On October 29 PLUS hosted a webinar on “The Growing Insurance Issues with the Rise of Medical and Recreational Marijuana.” PLUS members can view that webinar in the Multimedia Library. Below, several panelists from the session respond to audience questions on the topic.

What impact would legalization at the Federal Level have?

Mike McGrory – “Legalization” could mean many things, from rescheduling cannabis as a prescription-like drug to outright legalization with regulation, like cigarettes or alcohol or any other number of products. Any one of these steps would have a tremendous effect on the medical cannabis industry. Certainly, the market and industry would be likely to grow significantly. And, importantly, banks, insurers, etc. would feel more comfortable partnering with the industry. Perhaps most interestingly, from a medical perspective, “legalization” would permit traditional testing to be done on the effectiveness of cannabis as a medical treatment.

Mark Passerini – In addition, legalization would mean a re-focusing for law enforcement officials.  Currently, every 42 seconds someone in the USA is arrested for marijuana use or possession.  This means our police can focus on real crimes, our prison population will decrease, and our streets will be safer due to the minimized presence of the drug cartels.

A Federal position change would allow for major capital to flow into this industry and things will start moving into hyper speed.

By 2020 estimates show that the industry will employ over 300,000 Americans and be valued at over $15 billion.  Some states will lag behind (remember that Mississippi did not repeal alcohol prohibition until 1966) and it will be costly to their economies due to lost tax revenue.  The insurance sector is poised to profit greatly on this industry and should lead the charge to force a shift in federal policy!


Mike McGrory – This is going to vary state-to-state. I am not aware of any laws pertaining to whether a registered patient can hold a driver’s license, though there are laws restricting a patient’s ability to drive while under the influence. There are also exceptions in some laws that preclude people, such as law enforcement officers, from becoming registered patients. Interestingly, given the federal/state conflict, there are issues with respect to whether federal employees are permitted to become registered patients.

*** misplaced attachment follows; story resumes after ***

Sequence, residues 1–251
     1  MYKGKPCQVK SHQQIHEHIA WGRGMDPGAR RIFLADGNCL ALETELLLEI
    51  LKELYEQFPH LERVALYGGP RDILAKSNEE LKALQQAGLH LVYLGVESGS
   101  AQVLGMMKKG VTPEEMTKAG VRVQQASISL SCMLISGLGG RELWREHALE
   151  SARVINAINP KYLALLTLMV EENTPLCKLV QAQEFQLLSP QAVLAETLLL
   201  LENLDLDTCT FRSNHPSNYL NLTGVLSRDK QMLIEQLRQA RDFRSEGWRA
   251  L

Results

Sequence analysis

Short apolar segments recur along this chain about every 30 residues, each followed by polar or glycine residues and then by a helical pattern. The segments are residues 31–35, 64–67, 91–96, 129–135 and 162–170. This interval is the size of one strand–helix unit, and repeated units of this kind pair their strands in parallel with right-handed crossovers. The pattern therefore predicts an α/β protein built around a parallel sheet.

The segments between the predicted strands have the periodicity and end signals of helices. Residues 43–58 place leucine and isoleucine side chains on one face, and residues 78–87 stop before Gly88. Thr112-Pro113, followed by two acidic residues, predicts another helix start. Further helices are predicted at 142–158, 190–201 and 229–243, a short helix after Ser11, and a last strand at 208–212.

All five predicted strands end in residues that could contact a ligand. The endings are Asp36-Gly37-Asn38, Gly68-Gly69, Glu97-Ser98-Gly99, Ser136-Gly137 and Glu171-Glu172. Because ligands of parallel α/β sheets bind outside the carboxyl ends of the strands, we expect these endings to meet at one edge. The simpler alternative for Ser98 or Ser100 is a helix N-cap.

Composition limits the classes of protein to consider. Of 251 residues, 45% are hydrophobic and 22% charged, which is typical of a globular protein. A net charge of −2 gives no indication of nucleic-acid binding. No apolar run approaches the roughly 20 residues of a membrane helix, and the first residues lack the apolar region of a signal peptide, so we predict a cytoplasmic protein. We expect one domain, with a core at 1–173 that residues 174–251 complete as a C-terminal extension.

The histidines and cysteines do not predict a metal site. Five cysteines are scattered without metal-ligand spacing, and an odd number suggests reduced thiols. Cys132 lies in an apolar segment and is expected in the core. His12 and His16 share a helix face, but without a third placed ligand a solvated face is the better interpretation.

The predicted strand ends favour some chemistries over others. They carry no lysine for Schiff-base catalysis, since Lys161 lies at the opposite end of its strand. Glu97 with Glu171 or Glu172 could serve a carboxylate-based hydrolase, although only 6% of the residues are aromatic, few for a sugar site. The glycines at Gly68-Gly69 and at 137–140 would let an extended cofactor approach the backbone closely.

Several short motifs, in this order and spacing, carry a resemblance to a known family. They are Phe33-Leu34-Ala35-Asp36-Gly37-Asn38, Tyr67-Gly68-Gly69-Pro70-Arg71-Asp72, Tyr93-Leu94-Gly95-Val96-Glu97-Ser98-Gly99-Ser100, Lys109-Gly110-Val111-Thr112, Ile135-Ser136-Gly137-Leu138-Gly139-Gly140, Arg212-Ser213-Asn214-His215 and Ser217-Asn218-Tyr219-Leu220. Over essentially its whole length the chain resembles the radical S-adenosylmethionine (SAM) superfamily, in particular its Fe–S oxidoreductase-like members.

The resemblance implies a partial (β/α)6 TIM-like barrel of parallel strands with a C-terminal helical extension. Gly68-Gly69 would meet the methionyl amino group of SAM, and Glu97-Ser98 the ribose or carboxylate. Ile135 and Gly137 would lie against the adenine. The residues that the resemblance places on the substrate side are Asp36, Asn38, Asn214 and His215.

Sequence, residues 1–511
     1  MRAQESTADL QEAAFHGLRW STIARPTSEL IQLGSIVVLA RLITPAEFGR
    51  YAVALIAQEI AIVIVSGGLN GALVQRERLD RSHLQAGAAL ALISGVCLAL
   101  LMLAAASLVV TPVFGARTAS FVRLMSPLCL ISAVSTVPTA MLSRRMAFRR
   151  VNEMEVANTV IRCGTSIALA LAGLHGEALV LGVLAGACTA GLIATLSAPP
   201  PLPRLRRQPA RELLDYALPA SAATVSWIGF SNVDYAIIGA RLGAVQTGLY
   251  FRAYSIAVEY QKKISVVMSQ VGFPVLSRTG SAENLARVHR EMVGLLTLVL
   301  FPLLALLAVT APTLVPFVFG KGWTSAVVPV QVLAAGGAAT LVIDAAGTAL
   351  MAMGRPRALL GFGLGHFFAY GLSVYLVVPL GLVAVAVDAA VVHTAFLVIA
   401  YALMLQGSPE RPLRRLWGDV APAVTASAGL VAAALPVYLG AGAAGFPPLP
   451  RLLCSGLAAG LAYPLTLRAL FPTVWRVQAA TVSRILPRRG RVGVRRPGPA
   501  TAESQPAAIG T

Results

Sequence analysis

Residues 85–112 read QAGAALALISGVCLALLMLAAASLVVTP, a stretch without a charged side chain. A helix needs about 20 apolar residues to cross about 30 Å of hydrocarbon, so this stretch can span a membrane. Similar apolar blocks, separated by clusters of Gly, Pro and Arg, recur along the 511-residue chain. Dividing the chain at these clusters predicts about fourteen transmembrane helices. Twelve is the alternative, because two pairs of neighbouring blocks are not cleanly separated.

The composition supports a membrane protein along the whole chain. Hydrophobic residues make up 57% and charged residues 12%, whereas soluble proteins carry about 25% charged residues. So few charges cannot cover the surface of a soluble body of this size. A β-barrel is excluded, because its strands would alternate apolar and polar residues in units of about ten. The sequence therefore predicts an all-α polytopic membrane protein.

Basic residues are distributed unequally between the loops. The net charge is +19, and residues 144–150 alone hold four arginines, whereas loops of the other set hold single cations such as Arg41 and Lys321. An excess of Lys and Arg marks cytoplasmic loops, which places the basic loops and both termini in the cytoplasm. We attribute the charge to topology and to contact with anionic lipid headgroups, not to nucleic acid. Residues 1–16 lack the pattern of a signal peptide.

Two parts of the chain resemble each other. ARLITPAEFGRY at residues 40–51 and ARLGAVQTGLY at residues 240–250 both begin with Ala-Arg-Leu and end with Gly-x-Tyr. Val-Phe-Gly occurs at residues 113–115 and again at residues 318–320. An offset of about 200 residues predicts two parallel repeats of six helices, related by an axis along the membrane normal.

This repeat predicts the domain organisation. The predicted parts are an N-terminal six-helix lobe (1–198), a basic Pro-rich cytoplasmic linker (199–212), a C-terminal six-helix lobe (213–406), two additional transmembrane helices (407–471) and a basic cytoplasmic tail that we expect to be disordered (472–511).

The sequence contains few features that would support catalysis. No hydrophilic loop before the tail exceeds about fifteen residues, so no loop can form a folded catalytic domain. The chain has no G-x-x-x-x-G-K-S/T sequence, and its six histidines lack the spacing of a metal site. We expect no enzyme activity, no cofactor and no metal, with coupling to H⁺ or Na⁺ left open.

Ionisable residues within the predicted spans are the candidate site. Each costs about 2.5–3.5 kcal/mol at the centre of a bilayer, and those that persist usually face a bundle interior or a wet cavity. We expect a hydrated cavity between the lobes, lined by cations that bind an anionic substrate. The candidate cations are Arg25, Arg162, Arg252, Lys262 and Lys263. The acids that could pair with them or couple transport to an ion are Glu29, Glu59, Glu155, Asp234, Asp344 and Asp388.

For insurance companies that cover these risks, is there a federal legal issue over collecting premium “across state lines?”

Mike McGrory – I am not aware of any governmental agencies enforcing this restriction against insurers; however, it is an issue, and it is certainly one of the matters insurers (and banks) have considered in deciding whether to partner with the medical cannabis industry.

From a general liability and products liability standpoint, what are the significant differences in recreational vs. medical exposures?

Deb Goldberg – The real difference between exposures for recreational marijuana distributors and medical marijuana dispensaries lay in the professional liability exposures.  From a products standpoint, the exposures are very similar.  From a general liability standpoint, there may theoretically be some additional premises exposure due to the expanded customer base – these tend to be more often store front operations with an increase in foot traffic when compared to medical marijuana dispensaries.

What happens if the new president elected in 2016 decides to change the federal stance on this and begins enforcing the federal law of the illegality of cannabis on all levels?

Mike McGrory – This is really the biggest uncertainty in the industry. Certainly, the tide seems to be heading in the opposite direction—towards more liberal cannabis laws. However, should the federal government reverse course, the industry’s remarkable growth would surely stall. The Cole Memo has been a great source of comfort for industry investors and entrepreneurs, so its rescission would cause people to rethink involvement in the industry. However, there were industry pioneers before the Cole Memo, so I would not go so far as to predict the industry’s demise.


Mike McGrory – The answer to this is really going to depend on the lawyer disciplinary bodies for each individual state. Illinois’ law does not prohibit attorneys from becoming registered patients, and does include some employee protection for registered patients. However, Illinois’ law is silent as to this question and, it is not out of the realm of possibility that a disciplinary board could take the position that an attorney who has violated federal law should lose his or her license despite compliance with state law. This is just another one of those questions that will likely be answered over time.